Treasure Chess - A Review

billwall
Mar 22, 2008, 12:00 AM |
8 | Other

When an author, under the Acknowledgment section writes, "For a book like Treasure Chess it is not easy to cite where all my references and impressions came from, so I'm not even going to try," I became intuitively doubtful that this new publication would offer anything new, especially considering the false idea that chess is the "World's Oldest Game."

 
Page 21 Pandolfini writes, "Surprisingly, strong players do not necessarily possess greater recollecting skills, as evince in Dutch psychologist Adrian De Groot's seminal paper in 1938...(Which seminal paper is that? Bruce doesn't mention it but it was
Thought and Choice in Chess. 1938? Wrong date too. In 1946 he wrote his thesis Het denken van den schaker, which in 1965 was translated to English and published as Thought and choice in chess. Source: Wikipedia.com Bruce probably meant to write, "1978" referring to the 2nd edition (June 1978) Publisher: Mouton De Gruyter Source: Amazon.com)

 
Page 66 he writes, "In 1846
Stanley wrote, 'Thirty-one Games at Chess...Also in 1946, he founded American Chess Magazine...'"

 
Page 67 Morphy's dates are written twice correctly as (1837-1884) but on page 20 it reads, "'Checkers is for tramps.' - Paul Morphy, American Chess Master (1836-84)" and page 96 it reads, "(1843-87)

 
Page 73 he spells Saemisch as "Samisch"

 
On page 236, Pandolfini writes, "According to Professor Steven Garrard, (the correct spelling is Gerrard, L.T) the Blackwell published books of Ludwig Wittgenstein (1889-1951) have at least 181 references to chess and its cognates (chessboard, for example) Chess is not mentioned in the Tractatus (the
Tractatus Logico-Philosophicus Wittgenstein's seminal 1922 treatise analyzing modern logica and metaphysics through language), but here's what the profound "Witt" says about certain chessic fine points in The Blue Book, a set of notes compiled in 1933-34 by his Cambridge students having to do with Wittgenstein's special way of thinking.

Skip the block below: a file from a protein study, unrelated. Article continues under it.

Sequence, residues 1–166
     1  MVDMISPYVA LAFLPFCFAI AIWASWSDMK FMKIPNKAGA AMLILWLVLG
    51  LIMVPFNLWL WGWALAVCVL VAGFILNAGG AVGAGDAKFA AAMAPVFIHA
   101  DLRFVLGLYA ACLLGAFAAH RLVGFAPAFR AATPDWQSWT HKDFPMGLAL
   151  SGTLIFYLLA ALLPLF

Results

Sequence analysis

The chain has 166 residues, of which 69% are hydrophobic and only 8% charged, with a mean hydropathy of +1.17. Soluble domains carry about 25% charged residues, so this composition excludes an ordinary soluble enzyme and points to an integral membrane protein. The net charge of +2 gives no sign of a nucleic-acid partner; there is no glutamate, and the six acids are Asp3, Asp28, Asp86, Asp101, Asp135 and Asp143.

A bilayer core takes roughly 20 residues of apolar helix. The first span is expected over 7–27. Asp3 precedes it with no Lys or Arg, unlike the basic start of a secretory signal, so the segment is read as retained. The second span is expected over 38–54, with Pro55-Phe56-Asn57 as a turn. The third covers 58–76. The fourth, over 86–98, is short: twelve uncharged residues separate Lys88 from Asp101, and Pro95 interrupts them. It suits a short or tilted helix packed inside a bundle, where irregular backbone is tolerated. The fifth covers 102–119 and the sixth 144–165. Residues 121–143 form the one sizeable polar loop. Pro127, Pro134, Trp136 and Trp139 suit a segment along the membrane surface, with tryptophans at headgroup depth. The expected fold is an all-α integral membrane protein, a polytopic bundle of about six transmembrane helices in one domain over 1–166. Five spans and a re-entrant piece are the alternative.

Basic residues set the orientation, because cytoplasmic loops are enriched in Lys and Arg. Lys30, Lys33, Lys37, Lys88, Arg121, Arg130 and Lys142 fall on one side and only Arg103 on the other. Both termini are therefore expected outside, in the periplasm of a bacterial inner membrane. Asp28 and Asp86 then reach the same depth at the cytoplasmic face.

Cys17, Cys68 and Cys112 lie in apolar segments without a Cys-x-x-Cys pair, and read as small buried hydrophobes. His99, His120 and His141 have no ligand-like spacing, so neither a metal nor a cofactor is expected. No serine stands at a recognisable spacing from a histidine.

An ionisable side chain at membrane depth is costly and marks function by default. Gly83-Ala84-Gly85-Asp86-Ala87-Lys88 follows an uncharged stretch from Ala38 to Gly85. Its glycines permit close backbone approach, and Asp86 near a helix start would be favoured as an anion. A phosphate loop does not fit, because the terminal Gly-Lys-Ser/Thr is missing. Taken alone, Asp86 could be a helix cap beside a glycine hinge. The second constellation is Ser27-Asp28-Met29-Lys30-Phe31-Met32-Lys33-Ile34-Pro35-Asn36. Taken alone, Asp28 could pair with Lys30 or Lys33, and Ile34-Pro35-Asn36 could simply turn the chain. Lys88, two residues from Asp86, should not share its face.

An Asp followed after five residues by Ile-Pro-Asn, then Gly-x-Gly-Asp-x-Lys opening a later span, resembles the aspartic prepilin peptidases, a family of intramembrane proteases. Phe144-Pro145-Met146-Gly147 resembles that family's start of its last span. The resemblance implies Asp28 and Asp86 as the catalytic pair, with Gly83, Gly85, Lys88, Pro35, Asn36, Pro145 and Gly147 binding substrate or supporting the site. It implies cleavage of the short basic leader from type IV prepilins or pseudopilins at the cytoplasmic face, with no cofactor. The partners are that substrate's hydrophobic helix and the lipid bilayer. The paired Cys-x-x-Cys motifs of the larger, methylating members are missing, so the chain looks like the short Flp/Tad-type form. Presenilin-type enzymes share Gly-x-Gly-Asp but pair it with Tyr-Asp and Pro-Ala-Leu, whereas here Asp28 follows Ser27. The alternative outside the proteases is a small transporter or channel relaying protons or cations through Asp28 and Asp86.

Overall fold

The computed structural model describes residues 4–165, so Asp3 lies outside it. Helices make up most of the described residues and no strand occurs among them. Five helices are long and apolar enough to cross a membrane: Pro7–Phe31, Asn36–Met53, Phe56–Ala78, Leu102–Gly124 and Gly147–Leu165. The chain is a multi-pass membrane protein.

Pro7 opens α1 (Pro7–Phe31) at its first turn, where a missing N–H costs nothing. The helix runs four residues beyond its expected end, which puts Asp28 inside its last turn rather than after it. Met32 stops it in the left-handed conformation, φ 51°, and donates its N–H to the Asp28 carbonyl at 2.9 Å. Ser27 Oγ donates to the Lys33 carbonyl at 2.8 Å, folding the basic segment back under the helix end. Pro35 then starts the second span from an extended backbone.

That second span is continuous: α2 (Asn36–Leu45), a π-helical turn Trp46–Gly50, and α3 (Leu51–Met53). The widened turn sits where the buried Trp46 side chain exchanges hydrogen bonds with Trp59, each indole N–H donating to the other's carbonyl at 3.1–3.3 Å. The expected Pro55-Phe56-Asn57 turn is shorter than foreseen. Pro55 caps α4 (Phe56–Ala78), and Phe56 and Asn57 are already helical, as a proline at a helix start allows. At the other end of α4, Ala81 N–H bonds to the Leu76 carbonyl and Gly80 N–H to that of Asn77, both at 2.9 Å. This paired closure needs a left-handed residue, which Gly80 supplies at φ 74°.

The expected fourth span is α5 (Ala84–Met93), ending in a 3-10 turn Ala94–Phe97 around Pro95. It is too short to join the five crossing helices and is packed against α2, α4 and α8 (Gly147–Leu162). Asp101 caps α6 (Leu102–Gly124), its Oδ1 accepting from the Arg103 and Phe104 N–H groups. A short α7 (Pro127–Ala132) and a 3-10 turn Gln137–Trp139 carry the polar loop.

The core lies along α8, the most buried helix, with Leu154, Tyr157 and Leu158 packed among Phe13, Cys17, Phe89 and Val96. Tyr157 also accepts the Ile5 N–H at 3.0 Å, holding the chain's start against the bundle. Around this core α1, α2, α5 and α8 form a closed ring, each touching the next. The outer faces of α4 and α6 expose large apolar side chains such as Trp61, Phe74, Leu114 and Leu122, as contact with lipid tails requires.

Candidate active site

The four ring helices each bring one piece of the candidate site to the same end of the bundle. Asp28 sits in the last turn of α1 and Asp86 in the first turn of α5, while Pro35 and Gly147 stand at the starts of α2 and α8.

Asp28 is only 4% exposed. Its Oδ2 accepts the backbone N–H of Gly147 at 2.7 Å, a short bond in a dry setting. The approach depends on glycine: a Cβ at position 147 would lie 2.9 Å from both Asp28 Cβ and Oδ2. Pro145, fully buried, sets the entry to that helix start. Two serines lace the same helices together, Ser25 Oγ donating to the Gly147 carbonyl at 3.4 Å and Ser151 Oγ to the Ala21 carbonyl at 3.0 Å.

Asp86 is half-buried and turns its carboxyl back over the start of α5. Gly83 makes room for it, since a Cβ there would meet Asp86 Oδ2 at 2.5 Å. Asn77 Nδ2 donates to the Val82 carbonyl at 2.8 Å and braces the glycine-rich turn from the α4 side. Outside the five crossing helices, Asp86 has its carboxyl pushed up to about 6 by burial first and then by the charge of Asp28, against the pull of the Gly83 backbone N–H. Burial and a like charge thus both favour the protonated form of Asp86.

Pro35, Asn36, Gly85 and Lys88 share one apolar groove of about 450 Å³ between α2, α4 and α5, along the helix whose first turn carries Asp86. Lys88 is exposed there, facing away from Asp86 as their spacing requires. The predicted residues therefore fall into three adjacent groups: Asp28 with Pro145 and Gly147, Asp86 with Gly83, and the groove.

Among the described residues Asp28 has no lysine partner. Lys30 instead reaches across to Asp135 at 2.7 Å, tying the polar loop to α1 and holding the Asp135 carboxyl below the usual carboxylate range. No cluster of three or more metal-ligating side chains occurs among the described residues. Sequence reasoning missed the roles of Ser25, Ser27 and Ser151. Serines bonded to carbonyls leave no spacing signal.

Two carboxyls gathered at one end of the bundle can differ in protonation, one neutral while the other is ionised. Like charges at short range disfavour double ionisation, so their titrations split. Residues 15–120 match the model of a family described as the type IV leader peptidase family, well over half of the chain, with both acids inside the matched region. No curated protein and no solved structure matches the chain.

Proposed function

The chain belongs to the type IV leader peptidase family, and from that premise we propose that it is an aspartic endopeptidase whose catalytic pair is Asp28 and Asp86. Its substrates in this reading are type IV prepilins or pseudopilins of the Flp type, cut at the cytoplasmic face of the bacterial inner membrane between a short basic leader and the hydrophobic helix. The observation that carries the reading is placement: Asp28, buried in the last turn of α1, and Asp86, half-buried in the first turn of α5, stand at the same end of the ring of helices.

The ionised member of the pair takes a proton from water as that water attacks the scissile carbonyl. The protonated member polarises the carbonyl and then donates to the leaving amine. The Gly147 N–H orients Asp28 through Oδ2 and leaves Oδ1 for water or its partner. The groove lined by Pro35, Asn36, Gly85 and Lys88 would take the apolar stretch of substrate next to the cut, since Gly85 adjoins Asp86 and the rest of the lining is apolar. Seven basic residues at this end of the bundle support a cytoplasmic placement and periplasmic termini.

"We distinguish in chess between good and bad moves, and we call it a mistake if we expose the queen to a bishop. But it is no mistake to promote a pawn to a king."
 
I think he was on to something."
 
Did Pandolfini research Wittgenstein on his own or did he happen to read the following articles, which were put together in April/May right before the publication of
Treasure Chess (Publisher: Random House Puzzles & Games October 30, 2007, Source: Amazon.com)
 
http://sbchess.sinfree.net/Wittgenstein.html and http://sbchess.sinfree.net/Chess-and-ChessProblems.html
 
 
It's one thing to combine references and place them online for the better good of research, but to place it in a book as mere "trivia", pawn it off as your own, and then write, "For a book like Treasure Chess it is not easy to cite where all my references and impressions came from, so I'm not even going to try," is very pathetic.
 
On the very next page (237) he goes on to cite Leo Tolstoy's famous work,
War and Peace, with the title, "War and Piece"
 
On Chess and Psyche, page 209 Pandolfini writes,"Norman Reider a psychoanalytic interpretation to chess in his 1959 paper,
Chess, Oedpius, and the Master Dolorosa. It 'crystallizes within its elaborate structure the family romance, is replete with symbolism and has rich potentialities for granting satisfactions and for the sublimation of drives.'"
 
He also mentions Freud and Herbstmann but do the following sites seem similar?:
 
http://www.goddesschess.com/chessays/normanreider.html and http://sbchess.sinfree.net/Psychoanalysis.html

 

Page 265 it reads, in regards to Fischer's patented chess clock, "Devised and patented by Fischer in 1989..." Actually, it was filed in 1988 and issued in 1989, therefore it must have been devised earlier. One only needs to observe the patent below:

http://www.google.com/patents?id=LSY7AAAAEBAJ&dq=bobby+fischer

Patent number: 4884255

Filing date: Aug 5, 1988

Issue date: Nov 28, 1989

Inventor: Robert J. Fischer 

U.S. Classification

368/96

International Classification

G04F 300
 
 
"Never judge a book by it's cover," seems highly overrated and we can attest this during our observation of Treasure Chess. (VIII) Preface Pandolfini writes, "Treasure Chess is my collection of the fascinating trivia, inside tips, stories, and anecdotes that I've been collecting over the years." I'm sure it's a nice collection.

 

Avital Pilpel couldn't have stated it any better when he wrote, "Utter trash."

 

 

Lawrence Totaro (reprinted by permission)



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